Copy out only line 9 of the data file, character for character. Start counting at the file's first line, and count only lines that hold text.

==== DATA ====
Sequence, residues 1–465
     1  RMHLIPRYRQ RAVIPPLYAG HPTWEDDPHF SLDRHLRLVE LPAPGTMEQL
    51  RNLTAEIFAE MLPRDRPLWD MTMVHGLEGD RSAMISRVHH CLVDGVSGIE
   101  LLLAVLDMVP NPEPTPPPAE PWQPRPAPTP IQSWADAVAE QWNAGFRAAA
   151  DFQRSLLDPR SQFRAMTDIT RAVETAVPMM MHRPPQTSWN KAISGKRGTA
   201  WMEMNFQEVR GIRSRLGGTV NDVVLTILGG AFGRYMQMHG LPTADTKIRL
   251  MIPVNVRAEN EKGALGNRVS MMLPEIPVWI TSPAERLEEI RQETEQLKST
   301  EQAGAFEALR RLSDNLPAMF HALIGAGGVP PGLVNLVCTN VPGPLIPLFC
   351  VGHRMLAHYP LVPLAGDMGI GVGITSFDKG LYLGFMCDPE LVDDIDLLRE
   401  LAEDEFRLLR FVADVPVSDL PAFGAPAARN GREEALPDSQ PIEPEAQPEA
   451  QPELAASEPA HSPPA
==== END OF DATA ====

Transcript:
   351  VGHRMLAHYP LVPLAGDMGI GVGITSFDKG LYLGFMCDPE LVDDIDLLRE